In the coming 3 years, Poland’s total installed capacity in onshore wind will increase by 3.5 GW to 10 GW. This increase result from the auction of November 2018 and the one planned for late 2019.
– Wind is the cheapest source of energy available on the market, and cheaper electricity increases the competitiveness of Polish entrepreneurs and leaves more money in Poles’ wallets. Further investments in green energy will also improve the financial situation of many municipalities and create new jobs around the sector, which is important during the energy transition – Janusz Gajowiecki, President of the Polish Wind Energy Association (PWEA), indicates the benefits from the emerging investment boom.
According to PWEA’s calculations, only thanks to the increase in total onshore capacity by 3.5 GW, during their 25-year lifetime, i.e. from commissioning of the wind farms to their first comprehensive modernization, the local and state budget will gain over PLN 4bn in total, or PLN 165m per year. The local self-government budgets will obtain PLN 3.5bn thanks to property taxes paid by wind investors. Another 600m will come from income taxes. In the 3-year construction period of wind farms about 20,000 temporary jobs will be created, and 1,750 jobs will appear during their operation.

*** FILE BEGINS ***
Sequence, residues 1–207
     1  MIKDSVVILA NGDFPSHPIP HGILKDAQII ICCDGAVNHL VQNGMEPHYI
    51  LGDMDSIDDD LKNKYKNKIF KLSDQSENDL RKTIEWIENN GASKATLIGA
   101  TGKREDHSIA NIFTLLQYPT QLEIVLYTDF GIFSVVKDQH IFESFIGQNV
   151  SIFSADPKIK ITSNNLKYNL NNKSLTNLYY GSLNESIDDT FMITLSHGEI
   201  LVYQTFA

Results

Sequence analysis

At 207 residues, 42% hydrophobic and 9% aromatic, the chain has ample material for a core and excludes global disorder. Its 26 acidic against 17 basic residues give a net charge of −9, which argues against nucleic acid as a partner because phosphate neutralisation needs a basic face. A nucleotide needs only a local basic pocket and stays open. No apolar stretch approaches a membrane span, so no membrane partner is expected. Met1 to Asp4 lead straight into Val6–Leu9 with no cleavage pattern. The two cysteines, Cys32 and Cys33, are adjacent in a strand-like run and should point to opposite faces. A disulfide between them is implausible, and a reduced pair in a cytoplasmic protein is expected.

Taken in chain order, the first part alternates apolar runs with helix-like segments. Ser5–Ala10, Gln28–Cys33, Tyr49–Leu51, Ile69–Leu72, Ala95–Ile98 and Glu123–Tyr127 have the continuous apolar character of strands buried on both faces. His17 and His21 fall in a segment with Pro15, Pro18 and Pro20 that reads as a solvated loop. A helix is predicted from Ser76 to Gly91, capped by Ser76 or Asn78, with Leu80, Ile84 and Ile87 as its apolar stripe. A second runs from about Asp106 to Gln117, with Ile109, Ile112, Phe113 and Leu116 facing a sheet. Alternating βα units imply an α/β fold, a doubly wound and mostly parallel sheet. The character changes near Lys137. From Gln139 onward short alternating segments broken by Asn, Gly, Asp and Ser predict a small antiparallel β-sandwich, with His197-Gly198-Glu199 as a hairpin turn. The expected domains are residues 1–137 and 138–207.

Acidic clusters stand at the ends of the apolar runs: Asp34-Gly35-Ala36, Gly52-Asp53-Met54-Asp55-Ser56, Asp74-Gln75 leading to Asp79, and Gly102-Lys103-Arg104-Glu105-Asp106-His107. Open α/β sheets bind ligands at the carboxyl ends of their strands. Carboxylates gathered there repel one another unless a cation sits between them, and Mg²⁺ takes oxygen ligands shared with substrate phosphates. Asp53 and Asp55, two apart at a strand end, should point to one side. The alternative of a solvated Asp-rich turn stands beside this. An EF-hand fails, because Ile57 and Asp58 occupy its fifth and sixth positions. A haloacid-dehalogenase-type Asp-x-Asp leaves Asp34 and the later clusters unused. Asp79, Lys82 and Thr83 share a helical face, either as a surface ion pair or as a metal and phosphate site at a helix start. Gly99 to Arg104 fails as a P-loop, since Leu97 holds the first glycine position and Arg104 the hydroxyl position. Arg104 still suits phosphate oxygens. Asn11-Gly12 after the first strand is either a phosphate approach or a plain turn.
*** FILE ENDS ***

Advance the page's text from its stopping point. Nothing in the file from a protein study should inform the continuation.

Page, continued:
Photos from Żarnowiec power plant
The increase in wind capacity brings benefits both to direct beneficiaries, e.g. land owners, who will earn approx. PLN 150m per year, or PLN 3.7bn over the 25-year period of operation, and to all Polish citizens. Newly built wind farms will help increase the competitiveness of the Polish economy, which will also generate fewer emissions. The additional 3.5 GW of capacity will help avoid the emissions of 10 million tonnes of carbon dioxide per year. In turn, lower electricity prices will generate up to PLN 4.5bn in savings for companies and households.